You can’t go wrong centering a your film on a one-eyed assassin. It helps when said assassin, Yataro Tanigawa, is played by someone like Yoshio Harada, who excels at looking both grizzled and dangerous (and not much else). Hunter in the Dark, a late 70s yakuza flick by Hideo Gosha, follows Tanigawa’s entrance into the service of Boss Gomyo Kiyoemon (Gosha’s main man Tatsuya Nakadai), a canny and tired crime lord who wants, above all, to retire someplace nice. Most viewers won’t be surprised to find out that this isn’t an easy goal for a yakuza boss to accomplish.
Like Goyokin and Tenchu! before it, Hunter in the Dark is a deeply cynical film, one in which the samurai idea of honour is largely felt only by its absence. In those earlier films, samurai clans are responsible for the evils that the main characters suffer; in Hunter in the Dark, the samurai (embodied in Samon Shimoguni, played by Sonny Chiba) are the villains, and the side of good, if it exists at all, can be found in the ranks of the yakuza.
Seen alongside these two other films, one can trace Gosha’s increasing nihilism. Gosha seems incredibly skeptical about the entire idea behind the samurai, and also seems to point towards the degenerative powers of violence. Of course, this can lead to a bit of a mixed message, since Hunter in the Dark might be Gosha’s best action film, while it simultaneously sends a message that violence begets more violence, and eventually overcomes everything.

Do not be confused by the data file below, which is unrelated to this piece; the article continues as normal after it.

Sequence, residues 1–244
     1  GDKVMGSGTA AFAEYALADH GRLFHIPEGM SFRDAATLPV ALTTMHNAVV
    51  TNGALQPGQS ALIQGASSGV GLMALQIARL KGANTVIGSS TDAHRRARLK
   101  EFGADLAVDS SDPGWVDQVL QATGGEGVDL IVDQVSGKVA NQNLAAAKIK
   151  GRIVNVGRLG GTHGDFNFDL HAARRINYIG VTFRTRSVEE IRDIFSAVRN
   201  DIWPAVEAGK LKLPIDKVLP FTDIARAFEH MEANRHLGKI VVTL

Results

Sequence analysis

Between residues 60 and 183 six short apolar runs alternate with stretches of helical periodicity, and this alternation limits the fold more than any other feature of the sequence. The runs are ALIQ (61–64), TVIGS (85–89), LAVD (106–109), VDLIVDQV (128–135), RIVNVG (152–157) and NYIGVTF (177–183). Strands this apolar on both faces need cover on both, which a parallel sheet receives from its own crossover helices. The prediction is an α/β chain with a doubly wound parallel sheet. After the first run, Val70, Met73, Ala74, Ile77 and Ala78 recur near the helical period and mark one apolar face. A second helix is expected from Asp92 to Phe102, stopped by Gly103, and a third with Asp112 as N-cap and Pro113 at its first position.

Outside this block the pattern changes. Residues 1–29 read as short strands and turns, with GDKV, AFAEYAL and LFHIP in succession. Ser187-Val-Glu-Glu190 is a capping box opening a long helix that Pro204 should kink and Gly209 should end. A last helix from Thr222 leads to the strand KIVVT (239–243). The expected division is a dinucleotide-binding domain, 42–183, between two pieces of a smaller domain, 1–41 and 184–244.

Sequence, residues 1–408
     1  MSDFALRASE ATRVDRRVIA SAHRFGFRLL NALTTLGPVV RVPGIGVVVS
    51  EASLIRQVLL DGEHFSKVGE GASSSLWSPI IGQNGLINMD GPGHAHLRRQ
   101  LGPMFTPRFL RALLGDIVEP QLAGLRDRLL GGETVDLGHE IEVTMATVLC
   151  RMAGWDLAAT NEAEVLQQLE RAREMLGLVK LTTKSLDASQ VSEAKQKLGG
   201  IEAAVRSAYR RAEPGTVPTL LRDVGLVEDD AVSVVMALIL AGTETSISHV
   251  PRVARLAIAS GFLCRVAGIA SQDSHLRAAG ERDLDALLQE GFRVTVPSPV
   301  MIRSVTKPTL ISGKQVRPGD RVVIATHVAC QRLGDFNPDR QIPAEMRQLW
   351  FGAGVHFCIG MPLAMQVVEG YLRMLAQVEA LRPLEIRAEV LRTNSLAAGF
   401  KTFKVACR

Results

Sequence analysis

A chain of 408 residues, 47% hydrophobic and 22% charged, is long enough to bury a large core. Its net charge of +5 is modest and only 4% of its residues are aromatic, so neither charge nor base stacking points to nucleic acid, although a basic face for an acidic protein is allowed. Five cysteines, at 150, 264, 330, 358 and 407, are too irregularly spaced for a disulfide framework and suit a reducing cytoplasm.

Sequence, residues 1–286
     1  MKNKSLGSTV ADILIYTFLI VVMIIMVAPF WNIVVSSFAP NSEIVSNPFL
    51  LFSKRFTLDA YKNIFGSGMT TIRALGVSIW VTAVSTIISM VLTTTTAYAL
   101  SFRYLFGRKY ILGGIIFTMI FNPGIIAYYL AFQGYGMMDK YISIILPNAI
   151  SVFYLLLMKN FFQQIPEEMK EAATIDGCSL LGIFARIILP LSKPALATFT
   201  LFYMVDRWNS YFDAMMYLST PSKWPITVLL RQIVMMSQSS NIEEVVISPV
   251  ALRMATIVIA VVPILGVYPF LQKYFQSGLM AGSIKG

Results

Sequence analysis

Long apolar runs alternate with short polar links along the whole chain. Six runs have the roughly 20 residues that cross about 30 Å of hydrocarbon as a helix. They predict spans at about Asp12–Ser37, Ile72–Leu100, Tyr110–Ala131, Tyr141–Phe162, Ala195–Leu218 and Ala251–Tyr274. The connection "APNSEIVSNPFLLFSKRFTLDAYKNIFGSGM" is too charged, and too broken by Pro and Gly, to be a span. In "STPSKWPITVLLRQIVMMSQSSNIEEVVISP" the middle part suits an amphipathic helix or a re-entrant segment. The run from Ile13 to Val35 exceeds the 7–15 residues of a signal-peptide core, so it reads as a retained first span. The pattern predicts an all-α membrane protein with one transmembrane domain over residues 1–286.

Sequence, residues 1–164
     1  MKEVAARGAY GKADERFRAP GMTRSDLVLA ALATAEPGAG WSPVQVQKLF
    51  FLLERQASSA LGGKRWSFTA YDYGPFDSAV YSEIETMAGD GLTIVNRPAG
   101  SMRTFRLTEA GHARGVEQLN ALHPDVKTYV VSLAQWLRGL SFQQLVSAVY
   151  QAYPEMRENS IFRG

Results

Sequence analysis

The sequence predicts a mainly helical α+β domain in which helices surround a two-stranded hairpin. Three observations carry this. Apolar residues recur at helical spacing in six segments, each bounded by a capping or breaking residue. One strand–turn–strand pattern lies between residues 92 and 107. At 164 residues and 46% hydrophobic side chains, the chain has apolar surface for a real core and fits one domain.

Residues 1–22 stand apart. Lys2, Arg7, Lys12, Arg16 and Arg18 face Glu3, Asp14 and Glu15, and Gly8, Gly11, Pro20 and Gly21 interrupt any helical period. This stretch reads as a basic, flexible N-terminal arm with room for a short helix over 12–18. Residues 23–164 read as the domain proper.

But I’m getting ahead of myself. As mentioned, Hunter in the Dark primarily follows Tanigawa, the one-eyed assassin, who also turns out to be an amnesiac. He comes into the employ of Gomyo, who uses him as a bodyguard--an important position, when one works exclusively in the underworld. Tanigawa and Gomyo both get caught up with Samon in a complex bit of political intrigue that involves Tanigawa’s mysterious past and lots and lots of violence.
Hunter in the Dark sees Gosha begin to incorporate women more and more into the story. This is something that he continues throughout the rest of his films--Onimasa, his next film, features an actress in the leading role, and after that films like The Geisha and the Yakuza Wives are focused entirely on women. Here, while you do get one example of a loyal and loving woman, Oriwa (Ayumi Ishida), the majority are included for the purpose of a bath house knife fight. Not that I’m complaining.
At the end of the day, the plot of Hunter in the Dark primarily serves to allow Gosha to film some of his best action sequences. This isn’t to say that there’s nothing to the plot (it’s substantial) or that the characters are unimportant (they aren’t). Nevertheless, the film is driven by action. Whether it’s the action of the narrative--including the political machinations, or the revenge schemes, or what have you--or the actual, physical action scenes, Hunter in the Dark remains an action movie. And the action found in it is great. The story allows Gosha to produce a what could be described as action set-pieces, like the bloody fight in the tea house, or the bath house knife-fight, or the battle in the blazing temple. All of them are thrilling, and Gosha is really able to go all out.
To the best of my knowledge, there’s currently no official Region 1 release of Hunter in the Dark. That means anyone interested in tracking down the film has to enter bootleg territory. That being said, if you can track it down, and you’re the type of person who would track it down, then I think you’re in for a rewarding experience. The weaknesses of the script (slightly convoluted plot, fairly weak characters) and the fairly pedestrian acting (Nakadai is wasted in his role) are more than compensated for by Gosha’s excellent filmmaking. Hunter in the Dark might not be a classic, but maybe it should be.